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It is of course normal to sweat, but some of us are plagued with an exaggerated sweat response. Called hyperhidrosis, this distressing condition may affect the palms and soles, as well as underarm areas. Profuse sweating results from even the least amount of heat, or physical or mental activity. Emotional stress may also trigger hyperhidrosis. The hands, feet, and underarms produce a steady stream of moisture (“sweating buckets”) leading to marked self-consciousness in most hyperhidrosis sufferers. Survey data suggests that over one million Americans are negatively impacted by excess sweating.
Hyperhidrosis often begins during puberty and improves with age. Topical therapy with a nonprescription “clinical strength” or “extra strength” antiperspirant should be the first line of therapy. Examples include Certain Dri, Secret Clinical Strength, Dove Invisible Solid, and Degree Invisible Solid. The ideal time for application is at bedtime, as these agents work best when applied to dry skin. Persons not achieving adequate control should try a prescription antiperspirant such as Drysol. These contain aluminum chloride in strengths ranging from 15 to 20 percent. Again, nighttime application to dry skin is crucial for success. A deodorant may be applied in the morning for cosmetic purpose.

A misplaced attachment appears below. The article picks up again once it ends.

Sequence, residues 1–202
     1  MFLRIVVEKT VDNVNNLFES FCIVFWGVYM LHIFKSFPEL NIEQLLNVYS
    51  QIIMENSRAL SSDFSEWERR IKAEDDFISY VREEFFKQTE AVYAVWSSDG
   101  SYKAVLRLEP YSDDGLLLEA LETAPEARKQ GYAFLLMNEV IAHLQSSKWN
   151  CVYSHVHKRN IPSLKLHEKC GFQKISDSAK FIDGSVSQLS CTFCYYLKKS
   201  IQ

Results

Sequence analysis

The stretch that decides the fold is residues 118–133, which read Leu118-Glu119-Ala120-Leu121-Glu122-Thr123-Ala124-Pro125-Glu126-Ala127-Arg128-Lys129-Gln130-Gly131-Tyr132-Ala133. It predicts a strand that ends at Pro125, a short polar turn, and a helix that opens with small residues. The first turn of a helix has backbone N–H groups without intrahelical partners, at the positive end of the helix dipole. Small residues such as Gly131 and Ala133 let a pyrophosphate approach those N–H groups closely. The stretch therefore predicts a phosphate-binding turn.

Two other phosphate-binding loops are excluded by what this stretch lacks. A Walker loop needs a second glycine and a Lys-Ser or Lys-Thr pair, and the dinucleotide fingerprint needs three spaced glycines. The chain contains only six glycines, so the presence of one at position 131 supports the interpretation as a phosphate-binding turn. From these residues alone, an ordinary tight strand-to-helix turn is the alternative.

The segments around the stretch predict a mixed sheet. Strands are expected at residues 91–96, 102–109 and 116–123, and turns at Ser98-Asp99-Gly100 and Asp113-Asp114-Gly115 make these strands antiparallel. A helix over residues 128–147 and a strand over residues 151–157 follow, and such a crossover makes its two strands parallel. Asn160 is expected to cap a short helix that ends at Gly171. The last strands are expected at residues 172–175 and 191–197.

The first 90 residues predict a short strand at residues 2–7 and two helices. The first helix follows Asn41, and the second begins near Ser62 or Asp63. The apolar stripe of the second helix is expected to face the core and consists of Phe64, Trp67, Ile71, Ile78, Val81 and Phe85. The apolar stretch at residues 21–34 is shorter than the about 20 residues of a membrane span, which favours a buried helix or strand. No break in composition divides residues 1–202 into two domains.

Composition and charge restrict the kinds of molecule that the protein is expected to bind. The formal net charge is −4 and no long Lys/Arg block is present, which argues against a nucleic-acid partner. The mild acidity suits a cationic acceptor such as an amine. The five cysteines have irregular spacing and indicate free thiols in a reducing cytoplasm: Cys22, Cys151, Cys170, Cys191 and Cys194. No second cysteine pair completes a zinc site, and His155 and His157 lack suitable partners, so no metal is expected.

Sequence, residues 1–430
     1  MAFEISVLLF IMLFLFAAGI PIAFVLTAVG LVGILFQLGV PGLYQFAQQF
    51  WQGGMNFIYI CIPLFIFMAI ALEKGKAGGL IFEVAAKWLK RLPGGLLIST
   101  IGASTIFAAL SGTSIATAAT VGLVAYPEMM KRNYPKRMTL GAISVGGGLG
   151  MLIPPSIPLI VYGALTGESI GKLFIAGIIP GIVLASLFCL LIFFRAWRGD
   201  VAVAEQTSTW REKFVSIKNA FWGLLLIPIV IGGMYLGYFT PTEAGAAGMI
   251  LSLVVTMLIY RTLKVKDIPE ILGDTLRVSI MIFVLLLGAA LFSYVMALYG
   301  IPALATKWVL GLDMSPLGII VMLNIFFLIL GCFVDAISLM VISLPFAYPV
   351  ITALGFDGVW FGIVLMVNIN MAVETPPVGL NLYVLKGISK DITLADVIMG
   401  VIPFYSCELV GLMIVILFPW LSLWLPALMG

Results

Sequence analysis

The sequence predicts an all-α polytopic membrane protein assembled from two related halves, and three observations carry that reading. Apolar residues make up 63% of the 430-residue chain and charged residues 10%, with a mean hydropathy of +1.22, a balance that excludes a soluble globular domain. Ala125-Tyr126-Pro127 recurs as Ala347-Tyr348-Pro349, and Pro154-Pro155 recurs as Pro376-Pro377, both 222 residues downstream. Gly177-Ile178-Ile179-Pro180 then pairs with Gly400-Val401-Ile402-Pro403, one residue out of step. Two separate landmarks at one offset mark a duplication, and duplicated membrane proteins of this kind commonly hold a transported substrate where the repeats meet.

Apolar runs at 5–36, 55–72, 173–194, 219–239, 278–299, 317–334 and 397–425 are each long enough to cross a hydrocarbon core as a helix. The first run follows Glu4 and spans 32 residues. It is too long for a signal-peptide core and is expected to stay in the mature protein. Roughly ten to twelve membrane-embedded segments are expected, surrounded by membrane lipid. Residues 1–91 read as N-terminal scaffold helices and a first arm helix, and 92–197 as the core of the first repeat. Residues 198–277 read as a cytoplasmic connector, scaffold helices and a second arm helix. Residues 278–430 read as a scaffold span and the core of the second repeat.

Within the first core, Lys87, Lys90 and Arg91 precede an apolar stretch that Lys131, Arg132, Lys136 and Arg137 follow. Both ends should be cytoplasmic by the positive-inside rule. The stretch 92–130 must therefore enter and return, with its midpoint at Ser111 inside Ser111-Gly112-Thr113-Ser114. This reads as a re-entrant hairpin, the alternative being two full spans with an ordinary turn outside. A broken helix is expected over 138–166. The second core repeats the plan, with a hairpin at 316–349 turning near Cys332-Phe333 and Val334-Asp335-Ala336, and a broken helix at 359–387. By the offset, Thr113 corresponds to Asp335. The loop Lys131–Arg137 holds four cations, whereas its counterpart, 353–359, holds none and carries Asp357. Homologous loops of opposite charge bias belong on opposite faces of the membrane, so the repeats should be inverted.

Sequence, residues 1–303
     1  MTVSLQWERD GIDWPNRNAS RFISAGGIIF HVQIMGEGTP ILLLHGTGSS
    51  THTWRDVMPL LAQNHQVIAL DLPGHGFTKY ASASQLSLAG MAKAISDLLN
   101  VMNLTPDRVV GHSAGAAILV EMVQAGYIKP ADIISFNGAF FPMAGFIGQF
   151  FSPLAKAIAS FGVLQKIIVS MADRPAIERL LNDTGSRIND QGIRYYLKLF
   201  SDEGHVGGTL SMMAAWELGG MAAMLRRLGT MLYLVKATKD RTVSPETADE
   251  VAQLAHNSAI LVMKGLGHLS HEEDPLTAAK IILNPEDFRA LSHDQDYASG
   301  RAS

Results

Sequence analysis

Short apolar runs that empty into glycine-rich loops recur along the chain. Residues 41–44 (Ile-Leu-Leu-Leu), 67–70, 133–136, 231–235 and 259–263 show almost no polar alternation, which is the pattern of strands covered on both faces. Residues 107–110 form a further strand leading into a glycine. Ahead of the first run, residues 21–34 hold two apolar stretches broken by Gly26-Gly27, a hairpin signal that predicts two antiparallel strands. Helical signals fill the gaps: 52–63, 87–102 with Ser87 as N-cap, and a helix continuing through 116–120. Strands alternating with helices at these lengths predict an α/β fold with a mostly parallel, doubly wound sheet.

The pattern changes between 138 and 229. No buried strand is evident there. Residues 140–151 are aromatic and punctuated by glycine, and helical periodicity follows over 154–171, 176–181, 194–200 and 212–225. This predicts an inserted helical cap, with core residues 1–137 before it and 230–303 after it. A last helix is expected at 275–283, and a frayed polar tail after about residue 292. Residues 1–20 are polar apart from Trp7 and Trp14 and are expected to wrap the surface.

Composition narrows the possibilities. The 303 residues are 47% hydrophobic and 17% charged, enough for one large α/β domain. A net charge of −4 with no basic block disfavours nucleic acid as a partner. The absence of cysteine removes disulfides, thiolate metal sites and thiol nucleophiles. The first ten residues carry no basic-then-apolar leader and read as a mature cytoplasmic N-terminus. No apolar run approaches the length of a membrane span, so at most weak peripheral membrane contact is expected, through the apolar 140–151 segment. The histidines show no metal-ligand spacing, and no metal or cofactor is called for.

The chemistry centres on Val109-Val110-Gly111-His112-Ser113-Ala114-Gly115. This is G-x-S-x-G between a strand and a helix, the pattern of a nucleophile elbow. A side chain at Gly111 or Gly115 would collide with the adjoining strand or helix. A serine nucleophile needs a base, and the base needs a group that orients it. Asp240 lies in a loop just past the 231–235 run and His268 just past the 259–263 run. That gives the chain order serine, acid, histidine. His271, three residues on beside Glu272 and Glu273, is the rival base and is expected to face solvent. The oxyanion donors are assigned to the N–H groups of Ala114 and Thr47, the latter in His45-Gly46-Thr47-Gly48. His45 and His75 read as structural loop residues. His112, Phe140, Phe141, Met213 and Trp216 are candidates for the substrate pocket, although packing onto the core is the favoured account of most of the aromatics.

Iontophoresis therapy (also called drionics) uses a battery-powered device intended to inhibit excess sweating of the hands, feet, and underarms. The small current induces electrical charges in the sweat glands that decrease sweat production. The treatment is safe but relief is variable, and therapy has to be continued indefinitely. Oral medications such as Ditropan, Robinul, and Probanthine are helpful on occasion, but the occurrence of annoying side effects may limit their use.
Botox or Dysport injected into the palms and soles (and even into the face), is a simple method to alleviate hyperhidrosis. Drawbacks include transient discomfort during injection (multiple sticks are required) as well as cost and duration. Injections need to be repeated every five to seven months. Surgical excision or liposuction may be utilized to remove sweat glands situated within the armpits. A more drastic option is surgical destruction of the nerves that control sweat production (sympathectomy), a procedure usually performed under general anesthesia, which is generally reserved for physically or psychologically incapacitating sweating.